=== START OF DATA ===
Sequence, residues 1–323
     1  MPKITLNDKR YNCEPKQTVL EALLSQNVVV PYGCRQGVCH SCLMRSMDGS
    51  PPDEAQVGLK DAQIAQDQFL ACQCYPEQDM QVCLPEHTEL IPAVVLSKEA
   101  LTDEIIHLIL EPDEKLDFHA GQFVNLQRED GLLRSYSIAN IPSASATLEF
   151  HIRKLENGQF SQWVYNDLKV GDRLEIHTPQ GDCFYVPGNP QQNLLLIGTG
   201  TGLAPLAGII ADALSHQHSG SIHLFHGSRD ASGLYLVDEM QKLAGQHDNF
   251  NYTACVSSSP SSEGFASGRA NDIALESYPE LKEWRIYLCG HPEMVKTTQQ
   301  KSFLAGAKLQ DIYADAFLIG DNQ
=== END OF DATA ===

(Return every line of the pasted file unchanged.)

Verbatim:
Sequence, residues 1–323
     1  MPKITLNDKR YNCEPKQTVL EALLSQNVVV PYGCRQGVCH SCLMRSMDGS
    51  PPDEAQVGLK DAQIAQDQFL ACQCYPEQDM QVCLPEHTEL IPAVVLSKEA
   101  LTDEIIHLIL EPDEKLDFHA GQFVNLQRED GLLRSYSIAN IPSASATLEF
   151  HIRKLENGQF SQWVYNDLKV GDRLEIHTPQ GDCFYVPGNP QQNLLLIGTG
   201  TGLAPLAGII ADALSHQHSG SIHLFHGSRD ASGLYLVDEM QKLAGQHDNF
   251  NYTACVSSSP SSEGFASGRA NDIALESYPE LKEWRIYLCG HPEMVKTTQQ
   301  KSFLAGAKLQ DIYADAFLIG DNQ